Horrible Bosses: More Than Just A Movie


Great comedians know that within every laugh there’s always a dose of truth. So, when I came across my copy of “Horrible Bosses” several weeks ago, I realized I was both laughing at and learning from the characters played by Jason Bateman, Kevin Spacey, Jason Sudeikis and Jennifer Aniston (among others). If you haven’t seen the movie, run out and rent it. It’s LOL funny and worth every penny of the $1.99 rental fee at Redbox – Horrible Bosses.

“Horrible Bosses” is more than just a movie about poor managers. It’s the tale of unbearable managers and the unhinged employees who are ready to do just about anything to change their miserable work lives. With plenty of twists and turns (including a hysterical appearance by Jamie Foxx) , “Horrible Bosses” is funny and grabs our attention through a shared experience: working for an ineffective and, in some instances, ‘horrible’ boss.

Of course, the film is an exaggeration of common supervisor-employee challenges and runs to the extreme when three unhappy employees plot to kill their managers (legal disclaimer: I do not endorse, suggest or promote this strategy). There are, however, a few nuggets of wisdom in “Horrible Bosses” if you stop laughing long enough to learn:

It’s about them…not you. “Horrible Bosses” draws upon the management-challenged supervisors most of us have experienced at some point in our careers: the absent manager, the micro-manager, the incompetent walking time bomb, the credit taker, the blamer, the ambiguous goal setter, the suck up, the unrealistic workload driver and the “throw you under the bus” manager. Read Dave Kerpen’s article 17 Things a Boss Should Never Say and you’ll likely find a few one-liners you’ve heard before.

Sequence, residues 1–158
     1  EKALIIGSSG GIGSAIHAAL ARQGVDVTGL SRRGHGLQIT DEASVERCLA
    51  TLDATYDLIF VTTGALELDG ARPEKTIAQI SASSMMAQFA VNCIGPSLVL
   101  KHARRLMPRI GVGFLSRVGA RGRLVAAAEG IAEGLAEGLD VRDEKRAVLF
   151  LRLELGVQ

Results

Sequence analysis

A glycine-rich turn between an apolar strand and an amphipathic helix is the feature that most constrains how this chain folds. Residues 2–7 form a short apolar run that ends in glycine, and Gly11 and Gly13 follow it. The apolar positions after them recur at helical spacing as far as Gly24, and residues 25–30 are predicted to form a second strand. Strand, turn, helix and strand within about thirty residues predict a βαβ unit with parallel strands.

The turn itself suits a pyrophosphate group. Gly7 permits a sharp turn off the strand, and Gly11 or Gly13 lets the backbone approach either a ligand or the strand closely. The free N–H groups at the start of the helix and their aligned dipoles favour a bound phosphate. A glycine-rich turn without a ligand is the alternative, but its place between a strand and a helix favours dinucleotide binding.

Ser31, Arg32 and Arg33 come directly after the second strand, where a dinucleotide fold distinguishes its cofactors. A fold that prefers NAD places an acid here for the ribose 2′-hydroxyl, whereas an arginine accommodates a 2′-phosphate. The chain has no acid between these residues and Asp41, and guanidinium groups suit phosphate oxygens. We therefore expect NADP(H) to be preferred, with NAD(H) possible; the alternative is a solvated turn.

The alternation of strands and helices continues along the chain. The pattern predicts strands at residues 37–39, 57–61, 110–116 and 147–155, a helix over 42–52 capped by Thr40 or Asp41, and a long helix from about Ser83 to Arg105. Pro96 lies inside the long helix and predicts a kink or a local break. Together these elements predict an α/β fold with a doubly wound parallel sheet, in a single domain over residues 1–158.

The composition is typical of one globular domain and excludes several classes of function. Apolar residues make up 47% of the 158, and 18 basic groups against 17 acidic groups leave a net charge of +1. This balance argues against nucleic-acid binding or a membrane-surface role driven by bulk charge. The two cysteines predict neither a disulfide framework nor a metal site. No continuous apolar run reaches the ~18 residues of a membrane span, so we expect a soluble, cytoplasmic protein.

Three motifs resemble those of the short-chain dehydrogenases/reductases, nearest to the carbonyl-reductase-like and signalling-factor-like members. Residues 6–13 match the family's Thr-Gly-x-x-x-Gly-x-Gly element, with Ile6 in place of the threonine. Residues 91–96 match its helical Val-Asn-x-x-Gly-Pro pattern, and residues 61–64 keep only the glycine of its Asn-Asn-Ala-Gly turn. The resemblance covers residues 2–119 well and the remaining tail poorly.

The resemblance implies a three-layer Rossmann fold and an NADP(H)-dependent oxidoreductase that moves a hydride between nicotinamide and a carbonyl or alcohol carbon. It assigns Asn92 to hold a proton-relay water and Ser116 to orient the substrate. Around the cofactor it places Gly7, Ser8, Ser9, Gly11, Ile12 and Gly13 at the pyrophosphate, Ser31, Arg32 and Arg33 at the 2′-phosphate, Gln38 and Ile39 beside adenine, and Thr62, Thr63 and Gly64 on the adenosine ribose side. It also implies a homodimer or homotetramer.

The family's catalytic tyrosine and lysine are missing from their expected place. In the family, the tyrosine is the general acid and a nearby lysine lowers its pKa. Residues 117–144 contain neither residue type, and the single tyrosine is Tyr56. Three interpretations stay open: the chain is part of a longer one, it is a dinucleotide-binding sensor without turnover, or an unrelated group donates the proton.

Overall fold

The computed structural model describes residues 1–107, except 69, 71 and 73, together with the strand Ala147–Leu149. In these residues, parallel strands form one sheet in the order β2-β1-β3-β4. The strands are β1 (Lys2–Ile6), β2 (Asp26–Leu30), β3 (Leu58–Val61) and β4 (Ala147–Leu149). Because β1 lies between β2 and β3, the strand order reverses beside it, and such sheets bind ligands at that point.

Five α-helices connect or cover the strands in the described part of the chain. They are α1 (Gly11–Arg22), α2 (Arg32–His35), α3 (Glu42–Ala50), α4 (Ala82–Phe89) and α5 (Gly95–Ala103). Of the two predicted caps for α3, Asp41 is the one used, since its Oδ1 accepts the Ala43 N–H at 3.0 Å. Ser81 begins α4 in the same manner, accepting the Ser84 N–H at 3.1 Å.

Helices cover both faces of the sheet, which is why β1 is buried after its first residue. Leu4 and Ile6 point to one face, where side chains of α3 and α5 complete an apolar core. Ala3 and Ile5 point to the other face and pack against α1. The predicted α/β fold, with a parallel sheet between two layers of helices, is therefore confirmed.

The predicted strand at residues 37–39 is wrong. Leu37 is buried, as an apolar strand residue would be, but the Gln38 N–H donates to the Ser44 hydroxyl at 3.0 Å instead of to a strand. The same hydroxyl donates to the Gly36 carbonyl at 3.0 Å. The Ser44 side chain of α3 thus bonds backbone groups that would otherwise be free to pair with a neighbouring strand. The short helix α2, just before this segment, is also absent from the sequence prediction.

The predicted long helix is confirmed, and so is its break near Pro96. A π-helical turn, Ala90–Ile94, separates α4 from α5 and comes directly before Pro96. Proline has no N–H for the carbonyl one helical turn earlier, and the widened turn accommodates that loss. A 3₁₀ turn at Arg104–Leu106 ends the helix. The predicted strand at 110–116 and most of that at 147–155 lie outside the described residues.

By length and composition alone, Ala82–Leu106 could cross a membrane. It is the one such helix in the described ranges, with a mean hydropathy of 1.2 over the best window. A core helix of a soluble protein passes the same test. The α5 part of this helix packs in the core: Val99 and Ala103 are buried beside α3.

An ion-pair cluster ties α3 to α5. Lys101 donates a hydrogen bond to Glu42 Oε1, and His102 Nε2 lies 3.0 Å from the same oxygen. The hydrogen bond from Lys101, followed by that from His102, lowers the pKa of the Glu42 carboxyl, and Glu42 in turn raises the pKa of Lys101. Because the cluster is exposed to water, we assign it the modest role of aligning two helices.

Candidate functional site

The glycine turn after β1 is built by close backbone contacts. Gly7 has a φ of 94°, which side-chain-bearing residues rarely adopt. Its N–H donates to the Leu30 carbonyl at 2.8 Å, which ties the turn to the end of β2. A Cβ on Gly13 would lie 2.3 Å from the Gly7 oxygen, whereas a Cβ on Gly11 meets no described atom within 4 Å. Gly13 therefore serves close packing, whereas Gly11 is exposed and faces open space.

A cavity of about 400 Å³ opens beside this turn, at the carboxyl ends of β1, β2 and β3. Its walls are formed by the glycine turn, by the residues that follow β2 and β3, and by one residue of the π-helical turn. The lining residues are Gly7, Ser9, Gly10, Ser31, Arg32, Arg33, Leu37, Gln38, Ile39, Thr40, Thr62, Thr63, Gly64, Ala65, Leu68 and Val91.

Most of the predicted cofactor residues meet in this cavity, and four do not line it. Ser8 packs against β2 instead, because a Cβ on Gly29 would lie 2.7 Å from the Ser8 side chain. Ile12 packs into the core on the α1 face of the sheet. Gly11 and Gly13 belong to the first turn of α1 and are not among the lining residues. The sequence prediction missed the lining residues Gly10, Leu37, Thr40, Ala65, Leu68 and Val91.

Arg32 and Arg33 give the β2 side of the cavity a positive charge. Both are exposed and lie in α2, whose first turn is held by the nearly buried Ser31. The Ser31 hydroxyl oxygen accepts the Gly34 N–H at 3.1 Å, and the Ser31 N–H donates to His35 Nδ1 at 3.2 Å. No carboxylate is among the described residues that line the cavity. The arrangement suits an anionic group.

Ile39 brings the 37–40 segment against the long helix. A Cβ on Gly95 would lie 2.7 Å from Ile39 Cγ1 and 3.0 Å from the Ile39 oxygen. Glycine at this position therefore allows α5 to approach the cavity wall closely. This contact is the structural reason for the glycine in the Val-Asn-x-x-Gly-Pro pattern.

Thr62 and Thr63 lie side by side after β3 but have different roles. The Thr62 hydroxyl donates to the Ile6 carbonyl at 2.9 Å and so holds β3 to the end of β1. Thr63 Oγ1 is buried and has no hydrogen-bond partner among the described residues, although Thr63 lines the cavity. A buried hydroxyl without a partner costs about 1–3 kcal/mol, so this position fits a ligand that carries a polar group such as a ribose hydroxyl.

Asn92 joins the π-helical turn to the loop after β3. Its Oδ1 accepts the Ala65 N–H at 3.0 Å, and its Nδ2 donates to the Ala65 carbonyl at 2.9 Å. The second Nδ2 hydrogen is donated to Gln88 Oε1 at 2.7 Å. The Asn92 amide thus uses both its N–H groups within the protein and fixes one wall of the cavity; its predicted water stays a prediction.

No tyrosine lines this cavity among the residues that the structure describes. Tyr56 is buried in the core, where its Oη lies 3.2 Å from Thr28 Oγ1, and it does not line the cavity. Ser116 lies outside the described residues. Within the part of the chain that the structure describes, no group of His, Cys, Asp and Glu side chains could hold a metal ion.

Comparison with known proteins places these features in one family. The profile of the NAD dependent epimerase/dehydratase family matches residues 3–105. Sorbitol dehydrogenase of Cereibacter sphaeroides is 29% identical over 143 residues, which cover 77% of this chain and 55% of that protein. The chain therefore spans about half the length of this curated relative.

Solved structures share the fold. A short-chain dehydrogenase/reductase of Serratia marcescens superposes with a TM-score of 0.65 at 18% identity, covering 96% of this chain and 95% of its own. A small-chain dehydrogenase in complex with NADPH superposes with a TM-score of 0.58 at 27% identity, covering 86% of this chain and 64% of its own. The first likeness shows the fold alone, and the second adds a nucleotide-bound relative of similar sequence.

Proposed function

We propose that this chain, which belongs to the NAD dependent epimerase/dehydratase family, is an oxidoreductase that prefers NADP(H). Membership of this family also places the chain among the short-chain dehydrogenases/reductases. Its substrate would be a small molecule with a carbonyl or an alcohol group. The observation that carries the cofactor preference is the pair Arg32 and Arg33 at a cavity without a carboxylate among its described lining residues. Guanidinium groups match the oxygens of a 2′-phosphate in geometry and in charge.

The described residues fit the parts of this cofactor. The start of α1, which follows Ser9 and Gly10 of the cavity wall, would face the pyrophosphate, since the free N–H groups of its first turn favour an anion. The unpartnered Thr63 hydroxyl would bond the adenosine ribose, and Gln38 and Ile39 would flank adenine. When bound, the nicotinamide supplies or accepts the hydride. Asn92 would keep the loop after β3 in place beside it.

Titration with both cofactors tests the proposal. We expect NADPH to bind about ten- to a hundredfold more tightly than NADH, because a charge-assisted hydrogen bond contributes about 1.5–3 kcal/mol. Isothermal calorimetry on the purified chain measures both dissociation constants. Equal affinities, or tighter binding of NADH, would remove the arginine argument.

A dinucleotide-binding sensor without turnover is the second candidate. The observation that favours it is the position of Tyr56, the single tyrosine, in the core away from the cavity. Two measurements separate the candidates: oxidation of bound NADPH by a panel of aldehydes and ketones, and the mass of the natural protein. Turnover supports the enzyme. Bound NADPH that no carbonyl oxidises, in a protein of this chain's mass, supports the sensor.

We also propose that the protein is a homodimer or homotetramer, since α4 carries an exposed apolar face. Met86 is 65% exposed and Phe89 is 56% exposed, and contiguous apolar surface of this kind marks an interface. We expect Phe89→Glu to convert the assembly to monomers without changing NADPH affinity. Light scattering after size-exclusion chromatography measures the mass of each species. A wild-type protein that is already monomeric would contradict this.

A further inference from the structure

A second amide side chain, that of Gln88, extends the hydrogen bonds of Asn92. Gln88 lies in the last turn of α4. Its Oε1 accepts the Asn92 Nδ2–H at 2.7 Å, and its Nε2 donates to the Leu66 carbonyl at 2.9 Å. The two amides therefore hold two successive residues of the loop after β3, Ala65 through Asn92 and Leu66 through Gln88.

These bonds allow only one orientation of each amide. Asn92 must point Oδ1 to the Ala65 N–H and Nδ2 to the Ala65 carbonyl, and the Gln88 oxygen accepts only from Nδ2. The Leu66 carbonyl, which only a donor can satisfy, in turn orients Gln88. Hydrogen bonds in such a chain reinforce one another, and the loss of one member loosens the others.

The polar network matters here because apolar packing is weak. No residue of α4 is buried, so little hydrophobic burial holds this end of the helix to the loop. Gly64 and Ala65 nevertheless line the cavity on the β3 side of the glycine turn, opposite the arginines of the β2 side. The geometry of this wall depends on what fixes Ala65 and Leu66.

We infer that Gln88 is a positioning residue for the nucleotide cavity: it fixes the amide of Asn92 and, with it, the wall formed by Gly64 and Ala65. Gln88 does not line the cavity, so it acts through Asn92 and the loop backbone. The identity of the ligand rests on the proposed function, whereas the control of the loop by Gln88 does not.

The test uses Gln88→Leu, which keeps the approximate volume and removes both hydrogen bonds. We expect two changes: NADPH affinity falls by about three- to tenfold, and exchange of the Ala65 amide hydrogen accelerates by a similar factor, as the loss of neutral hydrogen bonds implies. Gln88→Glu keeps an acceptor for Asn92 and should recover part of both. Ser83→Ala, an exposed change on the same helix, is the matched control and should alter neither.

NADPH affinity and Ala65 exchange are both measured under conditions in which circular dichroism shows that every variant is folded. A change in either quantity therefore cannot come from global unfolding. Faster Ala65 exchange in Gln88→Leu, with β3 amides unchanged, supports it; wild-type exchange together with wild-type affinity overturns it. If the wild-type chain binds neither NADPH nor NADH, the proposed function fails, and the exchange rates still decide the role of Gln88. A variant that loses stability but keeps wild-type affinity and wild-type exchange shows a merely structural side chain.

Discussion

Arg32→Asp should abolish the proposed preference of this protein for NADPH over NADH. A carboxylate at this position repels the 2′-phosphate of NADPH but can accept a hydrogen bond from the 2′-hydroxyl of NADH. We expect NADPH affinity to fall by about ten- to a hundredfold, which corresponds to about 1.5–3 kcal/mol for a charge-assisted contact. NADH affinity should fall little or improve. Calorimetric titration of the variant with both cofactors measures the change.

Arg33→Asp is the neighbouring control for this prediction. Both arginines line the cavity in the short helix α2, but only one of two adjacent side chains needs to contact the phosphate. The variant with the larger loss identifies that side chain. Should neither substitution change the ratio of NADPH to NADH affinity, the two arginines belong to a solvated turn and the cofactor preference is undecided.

As much as we’d like to, we can’t change our managers. So, let yourself off the hook for a moment and let your manager do the heavy lifting. Geoffrey James’ article 9 Core Beliefs of Horrible Bosses contrasts ‘horrible’ and ‘smart’ bosses in a much less dark and humorous way than the movie. Ultimately, it’s all about the manager’s behavior. A poor manager (with the help of HR, training or a coach) can become a ‘smart’ manager by making some fundamental changes in his behavior. Transforming from a ‘horrible’ boss to a ‘smart’ boss isn’t always easy, but is definitely within reach. So, what about those exceptional leaders? I’ll save that for another post, but in the meantime, read James’ follow-up article and take a look around you. I bet you’ve also encountered some Extraordinary Bosses in your life as well.

The truth? It’s also about you and what you choose to do right now.Yes, horrible bosses are a problem. Their impacts include an unpleasant workplace, mediocre performance, legal issues and high levels of turnover (all of which, eventually, have financial implications). But let’s face it, they’re your problem – like it or not – until that manager improves, is discharged or leaves the organization.